Creating effective warnings for all
By Lorenzo Marchetti, Public Affairs Manager at Everbridge
Ilan Kelman, Professor of Disasters and Health, University College London and University of Agder
Carina Fearnley, Director, UCL Warning Research Centre, Professor in Warnings and Science Communication, Dept. of Science and Technology Studies, University College London
The following article highlights the importance of collaborating for safety and the vital role of recent events like UCL’s: ‘Creating Effective Warnings for All’ conference
In an era marked by ever-increasing global challenges, the need for effective early warning systems has never been more critical. Natural hazards, public health emergencies, and other crises can strike at any moment, putting lives and livelihoods at risk. The Early Warnings for All Initiative, driven by the United Nations, recognizes this imperative and seeks to unite all stakeholders in building a safer world. One such initiative, the “Creating Effective Warnings for All” event hosted by UCL Warning Center in September of 2023, stands as a testament to the power of collaboration between different stakeholders and the private sector’s pivotal role in safeguarding communities worldwide.
At its core, the Early Warnings for All Initiative embodies the spirit of unity and cooperation. It recognizes that no single entity, whether it be governments, international organizations, NGOs, or the private sector, can adequately address the complex web of challenges presented by our interconnected world. Events like “Creating Effective Warnings for All” provide a platform where diverse stakeholders can come together to share knowledge, best practices, and innovative solutions—especially for acting on the extensive experience we already have. This inclusivity ensures that the resulting warning systems are comprehensive, effective, and capable of reaching every corner of our global society.
The “Creating Effective Warnings for All” event not only showcased the various stakeholders’ commitment to safety but also served as a catalyst for innovative dialogue. By bringing together leaders from various fields and presenting opportunities to interact and participate, this event fostered collaboration that can lead to groundbreaking advancements in early warning methodology. These innovations have the power to save lives, reduce economic losses, and enhance our collective resilience in the face of adversity. Yet, they help move towards an integrated warning system where stakeholders have to work outside and between the various silos in place.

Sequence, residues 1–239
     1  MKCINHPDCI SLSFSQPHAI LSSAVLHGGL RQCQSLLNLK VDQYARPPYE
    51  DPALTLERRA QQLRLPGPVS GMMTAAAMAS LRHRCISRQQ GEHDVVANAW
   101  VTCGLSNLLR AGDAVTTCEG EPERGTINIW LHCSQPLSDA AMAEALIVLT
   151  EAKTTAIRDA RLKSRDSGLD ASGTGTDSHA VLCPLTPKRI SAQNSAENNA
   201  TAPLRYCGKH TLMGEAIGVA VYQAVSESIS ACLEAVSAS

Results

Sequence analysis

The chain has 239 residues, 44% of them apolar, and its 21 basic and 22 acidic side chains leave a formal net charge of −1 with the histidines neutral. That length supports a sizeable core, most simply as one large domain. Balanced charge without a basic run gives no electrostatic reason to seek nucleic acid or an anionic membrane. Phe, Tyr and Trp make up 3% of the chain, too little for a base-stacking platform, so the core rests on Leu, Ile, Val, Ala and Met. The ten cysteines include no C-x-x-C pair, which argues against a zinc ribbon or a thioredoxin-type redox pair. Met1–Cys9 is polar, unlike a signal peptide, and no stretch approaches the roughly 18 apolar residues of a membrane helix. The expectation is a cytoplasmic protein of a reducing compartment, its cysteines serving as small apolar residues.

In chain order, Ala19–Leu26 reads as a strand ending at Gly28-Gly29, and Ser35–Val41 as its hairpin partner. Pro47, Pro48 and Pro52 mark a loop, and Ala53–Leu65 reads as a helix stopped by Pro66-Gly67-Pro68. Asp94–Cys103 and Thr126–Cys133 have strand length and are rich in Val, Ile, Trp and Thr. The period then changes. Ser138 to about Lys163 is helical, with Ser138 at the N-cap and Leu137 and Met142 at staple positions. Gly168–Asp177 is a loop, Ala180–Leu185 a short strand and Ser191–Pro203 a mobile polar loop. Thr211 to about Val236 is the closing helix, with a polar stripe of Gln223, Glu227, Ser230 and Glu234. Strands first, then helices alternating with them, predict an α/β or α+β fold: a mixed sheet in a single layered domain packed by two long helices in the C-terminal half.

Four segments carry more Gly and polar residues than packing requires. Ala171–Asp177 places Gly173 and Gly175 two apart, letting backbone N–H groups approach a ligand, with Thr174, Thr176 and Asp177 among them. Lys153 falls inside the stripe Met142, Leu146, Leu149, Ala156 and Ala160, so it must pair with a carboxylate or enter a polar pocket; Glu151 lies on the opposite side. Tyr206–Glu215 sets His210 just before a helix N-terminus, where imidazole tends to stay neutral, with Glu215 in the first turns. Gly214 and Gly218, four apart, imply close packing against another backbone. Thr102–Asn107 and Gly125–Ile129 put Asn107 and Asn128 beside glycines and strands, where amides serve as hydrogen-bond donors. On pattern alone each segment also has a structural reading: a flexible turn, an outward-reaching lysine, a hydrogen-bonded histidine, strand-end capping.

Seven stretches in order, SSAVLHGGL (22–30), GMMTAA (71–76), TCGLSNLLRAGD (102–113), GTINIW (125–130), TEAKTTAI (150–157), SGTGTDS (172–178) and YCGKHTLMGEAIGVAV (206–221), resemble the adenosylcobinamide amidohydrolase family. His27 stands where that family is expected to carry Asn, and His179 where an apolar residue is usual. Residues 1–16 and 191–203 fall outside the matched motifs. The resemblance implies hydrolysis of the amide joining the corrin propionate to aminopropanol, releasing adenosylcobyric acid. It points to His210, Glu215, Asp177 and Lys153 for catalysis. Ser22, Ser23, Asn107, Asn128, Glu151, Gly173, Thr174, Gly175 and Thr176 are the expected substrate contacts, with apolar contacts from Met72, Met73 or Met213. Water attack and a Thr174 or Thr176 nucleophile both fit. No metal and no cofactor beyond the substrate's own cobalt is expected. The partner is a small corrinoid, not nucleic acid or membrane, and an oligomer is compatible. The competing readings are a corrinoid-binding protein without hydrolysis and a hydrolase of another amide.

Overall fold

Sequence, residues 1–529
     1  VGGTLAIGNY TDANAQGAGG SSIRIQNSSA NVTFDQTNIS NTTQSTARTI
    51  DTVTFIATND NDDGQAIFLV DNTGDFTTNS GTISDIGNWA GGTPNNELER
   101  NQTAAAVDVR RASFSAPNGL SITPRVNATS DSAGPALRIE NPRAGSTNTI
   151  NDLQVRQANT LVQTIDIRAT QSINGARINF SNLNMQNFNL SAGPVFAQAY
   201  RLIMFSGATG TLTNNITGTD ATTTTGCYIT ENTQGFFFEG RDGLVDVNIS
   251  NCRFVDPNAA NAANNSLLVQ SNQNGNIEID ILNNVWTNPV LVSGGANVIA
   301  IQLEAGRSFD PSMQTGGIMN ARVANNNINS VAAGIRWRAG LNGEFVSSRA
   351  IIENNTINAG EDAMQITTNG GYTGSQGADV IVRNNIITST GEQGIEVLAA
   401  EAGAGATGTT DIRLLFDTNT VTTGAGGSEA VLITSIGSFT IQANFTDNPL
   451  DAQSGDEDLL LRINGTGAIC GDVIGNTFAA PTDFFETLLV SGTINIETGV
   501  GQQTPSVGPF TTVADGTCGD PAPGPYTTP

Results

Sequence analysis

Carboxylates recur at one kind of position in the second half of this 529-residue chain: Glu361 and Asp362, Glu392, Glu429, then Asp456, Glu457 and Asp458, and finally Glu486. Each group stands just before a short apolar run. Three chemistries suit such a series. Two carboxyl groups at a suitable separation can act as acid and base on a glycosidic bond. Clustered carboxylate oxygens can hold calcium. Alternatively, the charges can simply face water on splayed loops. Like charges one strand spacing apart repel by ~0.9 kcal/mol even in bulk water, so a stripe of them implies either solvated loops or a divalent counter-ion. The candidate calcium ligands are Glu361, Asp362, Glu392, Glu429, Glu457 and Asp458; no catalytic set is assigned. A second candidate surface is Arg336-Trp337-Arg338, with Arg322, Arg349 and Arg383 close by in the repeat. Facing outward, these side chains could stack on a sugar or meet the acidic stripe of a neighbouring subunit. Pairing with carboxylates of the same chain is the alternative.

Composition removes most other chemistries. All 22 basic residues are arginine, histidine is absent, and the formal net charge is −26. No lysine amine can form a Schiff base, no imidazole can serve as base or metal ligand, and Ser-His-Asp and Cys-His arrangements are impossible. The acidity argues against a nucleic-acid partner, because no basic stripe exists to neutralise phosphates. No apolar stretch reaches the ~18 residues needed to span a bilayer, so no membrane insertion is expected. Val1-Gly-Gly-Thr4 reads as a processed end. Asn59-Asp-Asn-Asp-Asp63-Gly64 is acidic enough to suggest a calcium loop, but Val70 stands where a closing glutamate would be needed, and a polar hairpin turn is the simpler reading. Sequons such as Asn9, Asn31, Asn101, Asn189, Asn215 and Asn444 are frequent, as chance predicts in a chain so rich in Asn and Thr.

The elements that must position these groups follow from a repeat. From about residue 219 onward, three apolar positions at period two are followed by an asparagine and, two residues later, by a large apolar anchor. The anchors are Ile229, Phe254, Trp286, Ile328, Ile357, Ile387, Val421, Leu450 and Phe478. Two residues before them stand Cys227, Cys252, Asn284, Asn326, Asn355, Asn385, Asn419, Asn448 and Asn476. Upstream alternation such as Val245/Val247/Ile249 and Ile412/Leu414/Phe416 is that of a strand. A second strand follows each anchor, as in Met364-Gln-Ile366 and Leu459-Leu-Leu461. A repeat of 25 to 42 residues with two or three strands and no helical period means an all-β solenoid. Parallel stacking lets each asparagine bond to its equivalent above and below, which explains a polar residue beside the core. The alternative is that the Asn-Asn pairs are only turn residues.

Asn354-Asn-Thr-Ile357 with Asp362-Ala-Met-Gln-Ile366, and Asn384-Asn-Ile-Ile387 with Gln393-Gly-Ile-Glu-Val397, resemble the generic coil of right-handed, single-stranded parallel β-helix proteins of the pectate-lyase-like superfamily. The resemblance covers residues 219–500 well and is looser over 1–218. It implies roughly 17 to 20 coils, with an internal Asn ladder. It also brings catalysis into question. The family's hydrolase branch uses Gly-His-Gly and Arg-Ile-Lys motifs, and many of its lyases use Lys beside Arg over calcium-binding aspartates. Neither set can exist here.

The private sector’s involvement in these initiatives is of paramount importance. As a source of cutting-edge technology, resources, and expertise, private companies play a crucial role in advancing early warning systems. Their contributions in areas such as data analytics, communication infrastructure, and software development have the potential to revolutionize the way we deliver warnings to those in harm’s way. Furthermore, the private sector’s agility and entrepreneurial spirit enable rapid adaptation to emerging threats, making them indispensable partners in the pursuit of comprehensive and responsive early warning systems.
As we navigate an increasingly complex and uncertain world, events like “Creating Effective Warnings for All” remind us that our shared safety depends on collaboration, innovation, and the active participation of all stakeholders, including the private sector. By working together, we can create, test, implement, and refine early warning systems that leave no one behind, ensuring that timely and accurate information reaches even the most vulnerable among us, while we all have the knowledge, resources, and interest to save the lives of ourselves and others.
This is the essence: warning systems start with and are about people. They cannot be added on at the end, as the last step or the last mile, without prior involvement and full engagement. People using warnings, which means all of us, are the starting point—the first mile of what it means to have an early warning system.
The importance of events like UCL’s “Creating Effective Warnings for All” cannot be overstated. They serve as a beacon of hope in our quest to build a safer world for all, despite the mounting challenges. Through collaboration and the active involvement of the private sector, we can transform early warning systems into powerful tools that protect lives and foster resilience in the face of adversity. This is not just an aspiration; it’s a collective responsibility that we must embrace with unwavering determination.